To Share or Not to Share?
Korn Ferry Survey Asks Professionals Whether Revealing Salary Information to Colleagues is Off Limits
- Nearly 40 Percent Say It’s More Appropriate to Discuss Salary Today than 5 Years Ago - Vast Majority Say Younger Workers More Willing to Reveal How Much They Make -
Editor’s Note: Survey Responses at End of News Release
Los Angeles, Aug. 15, 2019 – Once thought of as an off-limits topic, the practice of professionals sharing how much they make with co-workers is becoming more frequent in the workplace. That according to a new Korn Ferry (NYSE:KFY) survey of employees in North America and Europe.
The survey found that nearly a quarter (24 percent) of professionals think it is appropriate to tell a colleague how much their salary is, and 37 percent believe that compared to 5 years ago, it’s more appropriate to talk pay today.
While only 16 percent admit that they tell colleagues how much they make, a quarter (25 percent) say their co-workers tell them how much they make.
The age of the employee plays a large factor in the share or not share conundrum, with 94 percent of respondents saying younger employees are more open to sharing details of their compensation with co-workers than are older employees.
The survey found that if an employee found out a colleague made more than them, 55 percent would ask for a raise without mentioning the colleague’s salary and 15 percent would mention their co-worker’s salary and say they wanted to be compensated at the same level.
An inconsistent compensation practice takes a major hit on employee morale, with 32 percent of respondents saying they would leave if their employer refused to match the salary of a comparably situated co-worker. Nearly half (43 percent) said they would become less engaged on the job.
“The social, political and regulatory landscape is changing with respect to transparency in compensation communications,” said Bob Wesselkamper, global head of Korn Ferry Rewards and Benefits Solutions. “This topic will likely intensify in the next several years as Europe and North America continue to move toward increased transparency in reporting compensation data that was once shielded from public scrutiny. Employers need to be ready.”
“Companies need to ensure that compensation is commensurate with the value that employees bring by putting in place the right compensation strategy, structure, design and benchmarking processes across the organization to secure fairness and equity in treatment for employees,” said Korn Ferry Senior Client Partner Tom McMullen. “If employees don’t believe that compensation practices are equitable, this data suggests that they will leave their organization – or worse stay but be less engaged and productive.”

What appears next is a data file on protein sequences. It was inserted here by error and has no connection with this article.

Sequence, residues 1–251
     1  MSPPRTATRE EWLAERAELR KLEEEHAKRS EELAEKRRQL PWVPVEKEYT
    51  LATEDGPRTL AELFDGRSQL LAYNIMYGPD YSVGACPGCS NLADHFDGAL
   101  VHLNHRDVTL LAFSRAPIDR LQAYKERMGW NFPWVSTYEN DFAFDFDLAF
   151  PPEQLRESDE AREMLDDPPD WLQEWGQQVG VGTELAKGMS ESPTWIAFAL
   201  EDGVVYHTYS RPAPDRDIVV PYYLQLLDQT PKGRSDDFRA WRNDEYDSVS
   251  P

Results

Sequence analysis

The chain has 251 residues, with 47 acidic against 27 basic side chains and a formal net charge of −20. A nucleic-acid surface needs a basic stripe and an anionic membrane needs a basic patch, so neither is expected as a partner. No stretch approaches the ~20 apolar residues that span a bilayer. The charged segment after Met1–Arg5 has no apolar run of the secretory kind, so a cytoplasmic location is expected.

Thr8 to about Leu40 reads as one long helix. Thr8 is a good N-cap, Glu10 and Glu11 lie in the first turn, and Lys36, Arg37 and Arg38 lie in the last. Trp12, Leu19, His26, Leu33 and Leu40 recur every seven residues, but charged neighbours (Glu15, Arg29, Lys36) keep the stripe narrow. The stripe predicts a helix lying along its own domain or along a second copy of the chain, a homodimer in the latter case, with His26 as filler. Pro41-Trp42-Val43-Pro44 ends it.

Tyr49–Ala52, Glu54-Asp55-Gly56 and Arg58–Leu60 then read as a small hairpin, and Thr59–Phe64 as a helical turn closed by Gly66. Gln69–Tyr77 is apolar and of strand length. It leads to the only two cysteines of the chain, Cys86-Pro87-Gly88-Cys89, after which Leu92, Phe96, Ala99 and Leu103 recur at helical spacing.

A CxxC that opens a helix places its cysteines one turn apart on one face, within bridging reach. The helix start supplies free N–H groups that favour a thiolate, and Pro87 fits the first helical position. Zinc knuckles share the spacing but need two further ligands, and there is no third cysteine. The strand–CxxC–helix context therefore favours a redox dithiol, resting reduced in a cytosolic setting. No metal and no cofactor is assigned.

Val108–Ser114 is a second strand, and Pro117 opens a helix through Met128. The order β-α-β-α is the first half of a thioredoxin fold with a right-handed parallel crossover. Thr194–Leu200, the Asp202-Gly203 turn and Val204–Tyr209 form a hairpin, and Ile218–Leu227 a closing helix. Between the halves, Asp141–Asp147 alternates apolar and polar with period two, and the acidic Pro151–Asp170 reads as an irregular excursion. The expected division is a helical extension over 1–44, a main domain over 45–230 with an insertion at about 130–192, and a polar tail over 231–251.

About the survey
There were 1,872 responses to the online executive survey, which took place in July 2019. Please note that due to rounding responses may not equal 100 percent.
Do you think it is appropriate to tell a colleague how much your salary is?
Yes - 24 percent
No - 76 percent
Compared to 5 years ago, is it more appropriate today to tell co-workers how much you make?
Yes - 37 percent
No - 63 percent
Do you tell colleagues how much you make?
Yes - 16 percent
No - 84 percent
Do colleagues tell you how much they make?
Yes - 25 percent
No - 75 percent
Who is more open to sharing their salary information with colleagues?
Older employees - 6 percent
Younger employees - 94 percent
Does your employer make available the salaries of employees?
Yes - 5 percent
No - 95 percent
What would you do if you found out a co-worker at your same level and with the same level experience made more than you?
Nothing - 30 percent
Ask for a raise without mentioning your co-worker’s salary - 55 percent
Point out that your co-worker makes more, and you think it’s unfair - 15 percent
What would you do if your employer refused to match the salary of a co-worker who makes more than you?
Leave - 32 percent
Become less engaged and motivated on the job - 43 percent
Nothing - 25 percent
About Korn Ferry
Korn Ferry is a global organizational consulting firm. We work with clients to design their organizational structures, roles and responsibilities. We help them hire the right people and advise them on how to reward, develop and motivate their workforce. And, we help professionals navigate and advance their careers.